Most consumers believe government regulation should help address privacy risks

As consumers’ concerns about their digital privacy continue to grow and who is responsible for guarding it remains unclear, new research conducted by Ponemon Institute reveals a lack of empowerment consumers feel when it comes to their data privacy.

address privacy risks

Address privacy risks

The research points to a privacy gap between the consumer data protection individuals want and what industry and regulators provide. While the majority of consumers want their data protected, they’re still waiting on — or expecting – the federal government or industries to provide this protection.

For instance, 60% of consumers believe government regulation should help address the privacy risks facing consumers today, of which 34% say government regulation is needed to protect personal privacy and 26% believe a hybrid option (regulation and self-regulation) should be pursued.

“This research revealed much of the tension surrounding digital privacy today. Based on my polling experience, these findings make a compelling case for the important role identity protection products and services play in protecting consumers’ privacy. The study shows that many consumers are alarmed by the uptick in privacy scandals and want to protect their information, but don’t know how to and feel like they lack the right tools to do so,” said Dr. Larry Ponemon, chairman of Ponemon Institute.

Interestingly, the study found that 64% of consumers say they think it is “creepy” when they receive online ads that are relevant to them, but not based on their online search behavior or publicly available information. This confirms that many consumers experience this phenomenon and are alarmed by it. In addition, 73% of consumers say advertisers should allow them to “opt-out” of receiving ads on any specific topic at any time.

This research also reveals a lack of empowerment that consumers feel in their ability to protect their privacy. While 74% of consumers say they have no control over the personal information that is collected on them, they are not taking action to limit the data they provide when using online services. In fact, 54% of consumers say they do not consciously limit what personal data they are providing. This lack of empowerment can have devastating effects on consumers’ privacy if it goes unchecked.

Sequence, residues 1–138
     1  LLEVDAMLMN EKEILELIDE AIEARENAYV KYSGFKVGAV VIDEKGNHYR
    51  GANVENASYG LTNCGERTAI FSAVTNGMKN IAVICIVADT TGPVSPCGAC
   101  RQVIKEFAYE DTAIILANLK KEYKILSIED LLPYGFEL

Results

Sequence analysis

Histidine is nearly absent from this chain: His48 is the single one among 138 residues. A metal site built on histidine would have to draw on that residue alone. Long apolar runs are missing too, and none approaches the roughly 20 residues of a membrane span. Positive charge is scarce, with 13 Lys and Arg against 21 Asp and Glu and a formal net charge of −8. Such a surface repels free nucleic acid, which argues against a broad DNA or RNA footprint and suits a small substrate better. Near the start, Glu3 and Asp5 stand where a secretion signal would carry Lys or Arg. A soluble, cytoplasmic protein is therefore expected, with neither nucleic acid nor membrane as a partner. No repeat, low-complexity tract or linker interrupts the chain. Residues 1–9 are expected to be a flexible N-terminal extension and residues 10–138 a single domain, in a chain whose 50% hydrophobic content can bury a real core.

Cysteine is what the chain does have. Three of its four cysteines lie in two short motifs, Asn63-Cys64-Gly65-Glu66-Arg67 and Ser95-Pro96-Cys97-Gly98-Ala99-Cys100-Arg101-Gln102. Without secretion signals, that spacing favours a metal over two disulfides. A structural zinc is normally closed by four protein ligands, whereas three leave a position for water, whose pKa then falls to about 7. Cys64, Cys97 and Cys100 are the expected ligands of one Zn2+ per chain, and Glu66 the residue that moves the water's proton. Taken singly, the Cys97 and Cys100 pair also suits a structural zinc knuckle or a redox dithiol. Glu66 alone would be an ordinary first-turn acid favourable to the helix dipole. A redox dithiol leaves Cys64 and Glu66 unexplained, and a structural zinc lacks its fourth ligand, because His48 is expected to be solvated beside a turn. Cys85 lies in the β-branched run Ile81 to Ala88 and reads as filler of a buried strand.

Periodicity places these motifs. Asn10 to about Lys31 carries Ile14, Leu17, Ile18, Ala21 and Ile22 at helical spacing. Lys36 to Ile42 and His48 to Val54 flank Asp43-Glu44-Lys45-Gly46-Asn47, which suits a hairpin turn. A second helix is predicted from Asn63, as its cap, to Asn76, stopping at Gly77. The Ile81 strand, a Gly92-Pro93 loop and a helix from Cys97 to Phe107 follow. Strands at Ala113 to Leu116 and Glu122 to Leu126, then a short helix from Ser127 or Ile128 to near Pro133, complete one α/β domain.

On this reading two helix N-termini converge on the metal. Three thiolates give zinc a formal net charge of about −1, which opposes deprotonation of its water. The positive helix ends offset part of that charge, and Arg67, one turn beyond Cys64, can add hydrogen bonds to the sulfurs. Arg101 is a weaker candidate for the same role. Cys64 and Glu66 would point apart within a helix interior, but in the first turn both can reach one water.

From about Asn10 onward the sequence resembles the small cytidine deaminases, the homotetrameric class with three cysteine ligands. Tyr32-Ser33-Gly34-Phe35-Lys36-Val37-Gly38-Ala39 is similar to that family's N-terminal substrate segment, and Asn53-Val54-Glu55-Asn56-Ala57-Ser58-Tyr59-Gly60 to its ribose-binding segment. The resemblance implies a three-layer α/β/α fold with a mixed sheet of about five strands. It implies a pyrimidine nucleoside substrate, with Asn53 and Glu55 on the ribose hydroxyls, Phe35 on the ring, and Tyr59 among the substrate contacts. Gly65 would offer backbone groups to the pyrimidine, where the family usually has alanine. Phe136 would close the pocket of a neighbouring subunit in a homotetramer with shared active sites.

Other key findings

Consumer concern is increasing: 68% of consumers are more concerned about the privacy and security of their personal information than they were three years ago. Three-fourths of consumers (75%) in the over 55 age group have become more concerned about their privacy over the past three years.

Search engines least trusted: 92% of consumers believe search engines are sharing and selling their private data, 78% believe social media platforms are and 63% of consumers think shopping sites are as well. Similarly, 86% of respondents say they are very concerned when using Facebook and Google and 66% of respondents say they are very concerned when shopping online or using online services.

Seniors against advertising tracking: 78% of older consumers say advertisers should not be able to serve ads based on their conversations and messaging.

Consumers have little hope in websites’ ad blocking: Only 33% of consumers expect websites to have an ad blocker that stops tracking and only 17% of consumers say they expect websites to limit the collection and sharing of personal information.

Split responsibility: 54% of consumers say online service providers should be accountable for protecting the privacy of consumers, while 45% say they themselves should assume responsibility.

How consumers protect themselves: 65% of consumers are using some type of privacy protection provided by their devices. Of these, 25% are setting a more restrictive data sharing setting, 21% are using both additional authentication controls and a more restrictive data sharing setting and 19% are using additional authentication controls.

Half of consumers are aware of the availability of protections: Of the protections available to consumers to protect their personal information, 52% say opting out of data collection and 48% say data sharing and encryption of personal information are available, respectively.

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Most consumers believe government regulation should help address privacy risks